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Posts Tagged ‘SQL Server 2014’

Resource Governor is one of the best features shipped with SQL Server 2008. We use this feature to handle SQL Server workload and resource allocation. However, if you go into further details of this feature, you will be shocked to see the level of control it gives you to control over CPU, memory on the basis of incoming requests from the application/user etc. But I have been hearing a very common QUESTION since SQL Server 2008 and that is, can we control physical IO using resource governor and the ANSWER is YES, you can do it in SQL SERVER 2014 & Above. But How ?

In SQL Server 2014, we have an additional control in resource governor namely CONTROL PHYSICAL IO. In other words, if you would like to restrict a user/application to use limited physical IO, you can restrict it with this additional control. You can implement this additional control in resource governor by just setting up two options which is MIN_IOPS_PER_VOLUME & MAX_IOPS_PER_VOLUME.

Let me demonstrate how to control physical IO in SQL Server 2014 step by step.

Step 1:
First of all, lets create a pool as usual and restrict its MAX_IOPS_PER_VOLUME limit to 50 ONLY, which means that whatever set of users / applications will be used, this pool cannot exceed 50 Physical IO.

 USE master 
 GO
--DROP RESOURCE POOL Sample_Pool_Restrict_IO;
--GO
CREATE RESOURCE POOL Sample_Pool_Restrict_IO WITH
(
       MAX_IOPS_PER_VOLUME = 50,
       MIN_IOPS_PER_VOLUME = 1
);
GO

Step 2:
Once we created the pool, lets create the workload group. This is also a usual step while configuring resource governor.

 USE master 
 GO
 --DROP WORKLOAD GROUP Sample_Workload_Group_Restrict_IO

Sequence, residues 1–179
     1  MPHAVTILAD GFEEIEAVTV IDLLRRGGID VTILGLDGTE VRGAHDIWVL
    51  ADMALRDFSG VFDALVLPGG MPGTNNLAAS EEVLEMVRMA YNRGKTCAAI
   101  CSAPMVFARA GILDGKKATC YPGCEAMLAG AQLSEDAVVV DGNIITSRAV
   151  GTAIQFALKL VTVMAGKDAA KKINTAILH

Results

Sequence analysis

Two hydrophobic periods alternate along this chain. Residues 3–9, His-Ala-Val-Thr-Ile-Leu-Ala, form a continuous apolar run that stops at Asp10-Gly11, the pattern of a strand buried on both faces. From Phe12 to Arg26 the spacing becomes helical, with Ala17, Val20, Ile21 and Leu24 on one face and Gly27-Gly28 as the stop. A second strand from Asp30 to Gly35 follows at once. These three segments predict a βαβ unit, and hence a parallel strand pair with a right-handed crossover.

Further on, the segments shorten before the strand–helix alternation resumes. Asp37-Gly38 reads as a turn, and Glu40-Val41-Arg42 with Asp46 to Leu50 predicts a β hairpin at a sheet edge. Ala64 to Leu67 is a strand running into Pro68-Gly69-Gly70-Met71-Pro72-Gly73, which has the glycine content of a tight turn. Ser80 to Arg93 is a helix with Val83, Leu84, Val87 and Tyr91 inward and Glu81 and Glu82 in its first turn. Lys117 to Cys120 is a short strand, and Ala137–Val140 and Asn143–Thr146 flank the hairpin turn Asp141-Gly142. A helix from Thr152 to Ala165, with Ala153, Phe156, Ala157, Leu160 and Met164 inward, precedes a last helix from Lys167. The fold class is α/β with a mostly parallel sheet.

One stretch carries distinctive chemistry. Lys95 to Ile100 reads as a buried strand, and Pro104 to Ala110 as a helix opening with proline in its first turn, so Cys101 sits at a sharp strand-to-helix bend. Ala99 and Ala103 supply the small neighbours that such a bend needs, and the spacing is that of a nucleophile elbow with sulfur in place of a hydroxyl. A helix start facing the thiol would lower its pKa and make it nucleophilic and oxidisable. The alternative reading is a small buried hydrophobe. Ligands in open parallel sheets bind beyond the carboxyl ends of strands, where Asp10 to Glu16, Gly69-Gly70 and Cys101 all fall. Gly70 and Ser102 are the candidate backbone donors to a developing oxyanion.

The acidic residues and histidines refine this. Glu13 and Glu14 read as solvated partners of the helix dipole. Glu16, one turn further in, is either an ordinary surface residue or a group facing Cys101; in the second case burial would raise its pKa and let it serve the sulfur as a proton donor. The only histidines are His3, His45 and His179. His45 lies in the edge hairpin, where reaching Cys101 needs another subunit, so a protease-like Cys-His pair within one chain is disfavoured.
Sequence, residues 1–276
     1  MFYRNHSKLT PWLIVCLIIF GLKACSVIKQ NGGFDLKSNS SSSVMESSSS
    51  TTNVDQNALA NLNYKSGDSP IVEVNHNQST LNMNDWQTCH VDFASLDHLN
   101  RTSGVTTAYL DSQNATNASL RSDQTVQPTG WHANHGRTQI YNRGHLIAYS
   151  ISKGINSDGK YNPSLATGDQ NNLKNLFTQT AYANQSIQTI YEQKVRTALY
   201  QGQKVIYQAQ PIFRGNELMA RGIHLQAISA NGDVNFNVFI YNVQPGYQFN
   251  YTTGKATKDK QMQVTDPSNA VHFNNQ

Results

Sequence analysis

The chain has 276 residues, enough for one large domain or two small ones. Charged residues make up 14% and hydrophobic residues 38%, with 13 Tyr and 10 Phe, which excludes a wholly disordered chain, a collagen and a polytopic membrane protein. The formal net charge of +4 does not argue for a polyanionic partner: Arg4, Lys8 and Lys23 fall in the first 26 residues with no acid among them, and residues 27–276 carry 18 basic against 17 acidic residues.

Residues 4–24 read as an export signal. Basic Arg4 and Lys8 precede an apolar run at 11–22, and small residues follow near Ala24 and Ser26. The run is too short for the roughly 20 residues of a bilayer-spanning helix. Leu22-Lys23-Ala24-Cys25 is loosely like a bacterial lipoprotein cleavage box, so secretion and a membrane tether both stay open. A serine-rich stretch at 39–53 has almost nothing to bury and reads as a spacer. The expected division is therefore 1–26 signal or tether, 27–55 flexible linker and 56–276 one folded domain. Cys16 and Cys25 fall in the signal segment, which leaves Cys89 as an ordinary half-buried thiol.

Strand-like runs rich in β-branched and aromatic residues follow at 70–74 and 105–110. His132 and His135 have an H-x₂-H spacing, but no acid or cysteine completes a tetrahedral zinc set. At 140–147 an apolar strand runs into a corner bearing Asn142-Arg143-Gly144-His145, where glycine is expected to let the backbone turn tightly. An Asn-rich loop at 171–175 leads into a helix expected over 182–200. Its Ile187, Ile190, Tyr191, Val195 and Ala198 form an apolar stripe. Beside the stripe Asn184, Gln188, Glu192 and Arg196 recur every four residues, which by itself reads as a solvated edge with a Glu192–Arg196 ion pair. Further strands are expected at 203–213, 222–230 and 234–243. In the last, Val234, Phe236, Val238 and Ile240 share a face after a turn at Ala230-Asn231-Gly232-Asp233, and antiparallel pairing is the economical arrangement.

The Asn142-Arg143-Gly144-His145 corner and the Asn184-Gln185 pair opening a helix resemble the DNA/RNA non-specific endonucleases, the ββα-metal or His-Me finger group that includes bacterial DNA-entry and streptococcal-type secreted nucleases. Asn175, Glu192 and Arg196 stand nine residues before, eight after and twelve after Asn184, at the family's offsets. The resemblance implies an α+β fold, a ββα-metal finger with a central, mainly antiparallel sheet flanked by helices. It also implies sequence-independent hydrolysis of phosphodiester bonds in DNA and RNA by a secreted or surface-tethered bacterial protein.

--GO
 CREATE WORKLOAD GROUP Sample_Workload_Group_Restrict_IO 
 USING Sample_Pool_Restrict_IO;
 GO

Step 3:
Let’s, create a test user, later on I will demonstrate how resource governor will restrict physical IO for this test user.

 USE master
 GO
 CREATE LOGIN dba WITH PASSWORD = 'imran.1234@';
 GO
 ALTER SERVER ROLE [sysadmin] ADD MEMBER [dba]
 GO

Step 4:
Create a classifier function and define if the above created user is the current user. Then classifier will assign the restricted IO workload group to this user. Then each time this user tries to use physical IO, it  CAN’T go beyond 50. SQL Server will restrict this user up to 50.

USE MASTER;
GO
--DROP FUNCTION dbo.fnIOClassifier
GO
CREATE FUNCTION dbo.fnIOClassifier()
RETURNS SYSNAME WITH SCHEMABINDING
AS
BEGIN
       DECLARE @GroupName SYSNAME
          IF SUSER_NAME() = 'dba'
            BEGIN
              SET @GroupName = 'Sample_Workload_Group_Restrict_IO'
           END
       ELSE
       BEGIN
              SET @GroupName = 'default'
       END
       RETURN @GroupName;
END
GO

Step 5:
Let’s assign the classifier function (created in the above step) to resource governor and reconfigure the resource governor to implement new settings.

USE master; 
GO
ALTER RESOURCE GOVERNOR WITH (CLASSIFIER_FUNCTION = dbo.fnIOClassifier);